String Skipping Etude (Guitar Lesson)

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Matt Brown

String Skipping Etude

Matt Brown teaches Heitor Villa-Lobos' 1st Etude as a lesson in string skipping.

Taught by Matt Brown in Rock Guitar with Matt Brown seriesLength: 38:47Difficulty: 3.0 of 5
Lesson Overview

In this lesson, Matt teaches Heitor Villa Lobos' "Etude No. 1." This piece was originally written for classical guitar. For the purposes of this lesson, Matt has arranged the piece for pick style guitar. No adjustments have been made to the original Villa Lobos score. The piece is simply played with a pick instead of the right hand fingers.

Lesson Objectives

-Practice string skipping technique within a repeating right hand arpeggio pattern.
-Develop right hand technique by performing difficult chord changes.
-Learn important music theory concepts pertaining to how chords are built and how they function.

Listening / Performance Examples

Before you begin to practice the piece, watch Matt's performance several times. In addition, check out a classical guitar performance by the legendary Andres Segovia here.

Note: Keep in mind that it is much easier to play this piece rapidly with the right hand fingers. Trying to duplicate Segovia's speed and accuracy when playing with a pick is simply not possible.

Picking Pattern

A repeating right hand pattern occurs throughout almost the entire piece. Matt demonstrates the pattern slowly at 04:05 in Scene 1. Refer to the "Supplemental Content" if you need extra help learning and memorizing the pattern.

Practice Tips

1. Use strict alternate picking beginning with a downstroke whenever the arpeggio pattern is used.

2. Isolate the right hand and play the pattern with open strings. This will allow you to devote all of your attention on the right hand.

3. Practice the pattern with a metronome set to the lowest tempo you can stand. This will help develop the muscle memory that is necessary to playing the piece at a quick tempo.

Review of String Skipping Technique

Do not rest any part of the right hand on the body or the bridge of the guitar! Instead, rest the top of the forearm on the upper hip of the guitar's body. This allows for maximum range of movement with the right hand wrist. The wrist is also free to move at a greater speed when this technique is applied.

If you are new to this technique, it will seem very awkward and unstable. You may notice decreased accuracy with your string skipping at first. Keep with this technique! In the long run, it will make string skipping much easier.

Chord Theory

As you continue to advance as a musician, a thorough knowledge of how ALL CHORDS are spelled must be developed! The process of determining the individual notes in a chord may seem confusing at first, but it is a relatively simple task. To spell any chord, follow these basic steps:

1. Start with the major scale corresponding to the letter name of the chord. For example, if you want to figure out the notes in C7, start by writing out the C Major scale. Even if you are spelling a minor chord, you must start with the Major scale of the chord name.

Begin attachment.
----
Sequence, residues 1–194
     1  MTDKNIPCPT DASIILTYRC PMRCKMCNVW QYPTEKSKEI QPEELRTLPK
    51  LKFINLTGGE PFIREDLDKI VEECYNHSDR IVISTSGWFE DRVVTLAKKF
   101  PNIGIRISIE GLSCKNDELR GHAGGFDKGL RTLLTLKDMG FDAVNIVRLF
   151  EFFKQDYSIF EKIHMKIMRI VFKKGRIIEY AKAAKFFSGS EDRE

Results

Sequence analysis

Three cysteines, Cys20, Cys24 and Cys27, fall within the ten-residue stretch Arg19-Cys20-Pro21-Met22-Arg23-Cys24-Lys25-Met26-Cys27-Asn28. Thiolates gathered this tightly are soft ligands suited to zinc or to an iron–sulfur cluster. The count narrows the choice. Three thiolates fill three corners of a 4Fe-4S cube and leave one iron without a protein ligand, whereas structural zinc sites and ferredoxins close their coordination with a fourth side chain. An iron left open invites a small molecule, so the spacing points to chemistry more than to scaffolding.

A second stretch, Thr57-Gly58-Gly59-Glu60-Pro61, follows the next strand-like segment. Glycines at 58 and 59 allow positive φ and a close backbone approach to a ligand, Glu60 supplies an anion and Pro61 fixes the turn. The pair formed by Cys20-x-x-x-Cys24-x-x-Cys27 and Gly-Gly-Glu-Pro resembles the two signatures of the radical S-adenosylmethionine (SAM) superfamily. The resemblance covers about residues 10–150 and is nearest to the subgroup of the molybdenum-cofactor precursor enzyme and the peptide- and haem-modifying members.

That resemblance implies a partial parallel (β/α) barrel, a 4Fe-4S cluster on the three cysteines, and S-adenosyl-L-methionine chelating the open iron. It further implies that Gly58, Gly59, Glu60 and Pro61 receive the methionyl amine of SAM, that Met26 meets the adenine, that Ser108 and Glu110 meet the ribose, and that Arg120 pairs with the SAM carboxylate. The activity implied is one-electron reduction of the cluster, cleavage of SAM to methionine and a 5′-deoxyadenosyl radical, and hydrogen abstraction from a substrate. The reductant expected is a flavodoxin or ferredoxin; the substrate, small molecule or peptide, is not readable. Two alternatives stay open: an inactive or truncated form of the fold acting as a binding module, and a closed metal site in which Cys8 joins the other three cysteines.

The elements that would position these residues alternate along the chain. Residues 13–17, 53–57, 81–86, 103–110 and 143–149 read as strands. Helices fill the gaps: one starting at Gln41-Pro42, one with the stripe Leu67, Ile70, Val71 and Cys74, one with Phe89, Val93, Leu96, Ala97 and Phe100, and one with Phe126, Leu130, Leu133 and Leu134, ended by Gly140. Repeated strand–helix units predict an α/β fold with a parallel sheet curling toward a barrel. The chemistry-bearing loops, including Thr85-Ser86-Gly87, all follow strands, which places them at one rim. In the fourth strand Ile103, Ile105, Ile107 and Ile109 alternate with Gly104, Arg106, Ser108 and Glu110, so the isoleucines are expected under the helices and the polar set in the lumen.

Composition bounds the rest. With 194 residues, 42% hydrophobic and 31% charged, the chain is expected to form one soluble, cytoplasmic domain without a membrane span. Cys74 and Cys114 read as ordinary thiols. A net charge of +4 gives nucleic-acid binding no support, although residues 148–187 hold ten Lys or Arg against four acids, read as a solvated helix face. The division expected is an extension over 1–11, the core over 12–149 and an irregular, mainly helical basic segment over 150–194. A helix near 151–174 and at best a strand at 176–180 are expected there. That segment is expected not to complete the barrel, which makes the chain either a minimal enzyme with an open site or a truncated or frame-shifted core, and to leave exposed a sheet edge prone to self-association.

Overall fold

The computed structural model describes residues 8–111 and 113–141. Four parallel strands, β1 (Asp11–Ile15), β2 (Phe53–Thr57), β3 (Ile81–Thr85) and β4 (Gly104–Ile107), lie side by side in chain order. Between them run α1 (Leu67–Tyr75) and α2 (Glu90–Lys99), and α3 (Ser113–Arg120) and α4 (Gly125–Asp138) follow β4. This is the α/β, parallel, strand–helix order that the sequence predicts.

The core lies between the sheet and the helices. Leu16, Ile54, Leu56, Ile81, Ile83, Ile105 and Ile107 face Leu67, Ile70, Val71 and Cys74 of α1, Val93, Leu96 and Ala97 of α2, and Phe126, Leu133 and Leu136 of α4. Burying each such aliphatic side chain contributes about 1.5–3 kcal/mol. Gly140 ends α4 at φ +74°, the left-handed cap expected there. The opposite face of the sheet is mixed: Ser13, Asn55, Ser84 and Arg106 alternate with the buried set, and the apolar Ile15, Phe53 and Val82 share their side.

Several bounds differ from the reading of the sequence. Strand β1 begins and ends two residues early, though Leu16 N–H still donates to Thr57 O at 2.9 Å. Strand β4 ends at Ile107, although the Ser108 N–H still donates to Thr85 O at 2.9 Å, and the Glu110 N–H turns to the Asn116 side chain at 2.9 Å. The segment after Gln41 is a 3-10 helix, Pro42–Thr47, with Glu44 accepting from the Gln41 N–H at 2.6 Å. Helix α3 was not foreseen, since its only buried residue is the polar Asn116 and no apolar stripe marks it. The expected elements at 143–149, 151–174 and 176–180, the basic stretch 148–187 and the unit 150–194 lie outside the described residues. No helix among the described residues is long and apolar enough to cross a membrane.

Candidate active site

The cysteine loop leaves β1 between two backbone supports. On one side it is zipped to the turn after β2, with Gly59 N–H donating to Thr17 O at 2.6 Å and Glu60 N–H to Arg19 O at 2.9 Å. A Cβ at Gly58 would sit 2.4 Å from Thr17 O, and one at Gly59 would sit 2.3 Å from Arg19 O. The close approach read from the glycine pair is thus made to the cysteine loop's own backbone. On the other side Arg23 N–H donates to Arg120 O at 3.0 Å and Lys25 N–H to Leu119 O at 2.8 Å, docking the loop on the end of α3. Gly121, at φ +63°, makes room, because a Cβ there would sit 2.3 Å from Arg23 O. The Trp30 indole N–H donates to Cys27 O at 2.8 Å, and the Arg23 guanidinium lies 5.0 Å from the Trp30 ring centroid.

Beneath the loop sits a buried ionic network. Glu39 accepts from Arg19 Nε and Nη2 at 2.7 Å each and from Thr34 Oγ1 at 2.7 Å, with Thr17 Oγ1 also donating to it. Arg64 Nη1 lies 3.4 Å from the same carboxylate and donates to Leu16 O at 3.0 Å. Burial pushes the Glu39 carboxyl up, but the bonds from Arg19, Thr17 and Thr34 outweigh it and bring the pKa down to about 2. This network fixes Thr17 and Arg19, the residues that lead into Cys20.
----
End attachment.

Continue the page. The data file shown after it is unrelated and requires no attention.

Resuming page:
2. Determine the "triad type" of the chord. A triad is a chord containing three notes. It is also the base structure of any chord that contains more than three notes. There are four types of triads: Major, Minor, Augmented, and Diminished. Each of these triads is spelled using a different formula. Here are the formulas for these triads:

Major triad: scale degrees 1,3,5.

Minor triad: scale degrees 1,b3,5.

Augmented triad: scale degrees 1,3,#5

Diminished triad: scale degrees 1,b3,b5

Suspended Triads

sus2 - 1, 2 (9), 5
sus4 - 1, 4, 5

3. If the chord contains more than three notes, consult the formulas below.

add9 (major) - 1, 3, 5, 9

MA7: 1,3,5,7
MA6: 1,3,5,6
MA9: 1,3,5,7,9
MA6/9: 1,3,5,6,9
MA13: 1,3,5,7,13
MI7: 1,b3,5,b7
MI6: 1,b3,5,6
MI9: 1,b3,5,b7,9
MI11: 1,b3,5,b7,11
Dominant 7: 1,3,5,b7
Dominant 9: 1,3,5,b7,9
Dominant 13: 1,3,5,b7,13

MI7(b5): 1,b3,b5,b7

Note: MI7(b5) chords can also be written as half diminished seventh chords. For example, F#MI7(b5) and F# half dim. 7 are two different ways of writing out the same chord.

o7: 1,b3,b5,bb7

Altered Extensions

Many major and dominant chords feature altered extensions. Extensions are the upper octaves of each note in a scale. For example, the "ninth" is the same as the second, just one octave higher. By the same principle, the "eleventh" is the same note as the fourth. Altered extensions are always written in parenthesis when writing out a chord name. The most common altered extensions are written below.

#5 (same as b13), b9, #9, #11

Types of Diminished Chords

There are two different types of diminished seventh chords - half diminished and fully diminished. The fully diminished chord produces a slightly darker and uglier sound due to the inclusion of a double flatted seventh.

In the harmonic minor tonality, a half diminished seventh chord is used as the ii chord. The ii V i is a very common progression in this tonality. On the other hand, the fully diminished seventh chord is used as the vii chord in harmonic minor.

Etude No. 1 - Chord Progression

A measure by measure of the chord progression is provided below.

Measure 1: Em
2: F# half diminished seventh / E
3: Em
4. B7/F#
5: Em/G
6. E/G#
7. Am
8. Bb13(#11)

Note: In the lesson video, Matt calls this chord Bbmaj7(#11add6). The sixth scale degree is the same as the 13. Consequently, this chord can also be called Bbmaj13(#11). This is the most acceptable name for this chord, since it is shorter and simpler.

9. Em/B
10. Esus2/B
11. B7
12. E7(b9)

Notice how a G#o7 chord is sandwiched in between the open E strings of this voicing. A fully diminished seventh chord is found in the upper structure of every dominant seventh (b9) chord.

13. A7(b9)/E
14. F#o7/E
15. E7(b9)
16. A7(b9)/E
17. F#o7/E
18. E7(b9)
19. A7(b9)/E
20. F#o7/E
21. E7(b9)
22. Bbo7/E
23-24. Em
25. F#7
26. Gmaj13(#11)
27. F#o7
28. B7
29. Em
30. F#7(b5 add11)/E
31-32. Em
33. Am7
34. E6

Picardi Third